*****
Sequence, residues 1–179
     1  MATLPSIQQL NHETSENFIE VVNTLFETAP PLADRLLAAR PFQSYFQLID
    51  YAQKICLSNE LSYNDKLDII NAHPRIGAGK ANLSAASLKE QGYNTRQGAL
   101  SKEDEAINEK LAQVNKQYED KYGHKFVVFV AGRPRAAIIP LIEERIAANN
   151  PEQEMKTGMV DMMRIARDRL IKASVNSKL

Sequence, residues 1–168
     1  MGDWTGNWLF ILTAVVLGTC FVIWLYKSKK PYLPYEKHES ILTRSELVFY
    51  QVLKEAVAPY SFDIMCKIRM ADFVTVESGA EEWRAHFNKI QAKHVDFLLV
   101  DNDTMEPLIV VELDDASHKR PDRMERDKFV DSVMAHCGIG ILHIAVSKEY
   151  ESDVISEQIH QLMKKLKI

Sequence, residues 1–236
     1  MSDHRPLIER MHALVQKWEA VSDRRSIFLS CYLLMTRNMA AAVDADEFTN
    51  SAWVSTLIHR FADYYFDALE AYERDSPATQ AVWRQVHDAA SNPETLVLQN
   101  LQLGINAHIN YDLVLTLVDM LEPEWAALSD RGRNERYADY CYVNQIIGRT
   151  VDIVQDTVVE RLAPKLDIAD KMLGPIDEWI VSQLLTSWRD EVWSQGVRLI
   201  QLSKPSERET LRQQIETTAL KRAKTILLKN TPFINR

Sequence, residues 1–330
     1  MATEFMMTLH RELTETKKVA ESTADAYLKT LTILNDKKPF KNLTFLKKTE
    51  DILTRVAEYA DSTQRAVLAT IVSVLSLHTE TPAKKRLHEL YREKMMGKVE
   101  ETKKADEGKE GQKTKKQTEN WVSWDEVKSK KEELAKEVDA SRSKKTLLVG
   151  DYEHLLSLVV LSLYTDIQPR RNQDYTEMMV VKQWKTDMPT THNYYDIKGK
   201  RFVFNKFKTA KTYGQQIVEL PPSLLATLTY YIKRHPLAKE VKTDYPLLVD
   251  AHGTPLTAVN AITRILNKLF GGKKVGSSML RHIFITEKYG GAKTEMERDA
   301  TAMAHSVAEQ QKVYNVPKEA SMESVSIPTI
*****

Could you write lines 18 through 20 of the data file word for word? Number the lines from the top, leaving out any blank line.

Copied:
     1  MATEFMMTLH RELTETKKVA ESTADAYLKT LTILNDKKPF KNLTFLKKTE
    51  DILTRVAEYA DSTQRAVLAT IVSVLSLHTE TPAKKRLHEL YREKMMGKVE
   101  ETKKADEGKE GQKTKKQTEN WVSWDEVKSK KEELAKEVDA SRSKKTLLVG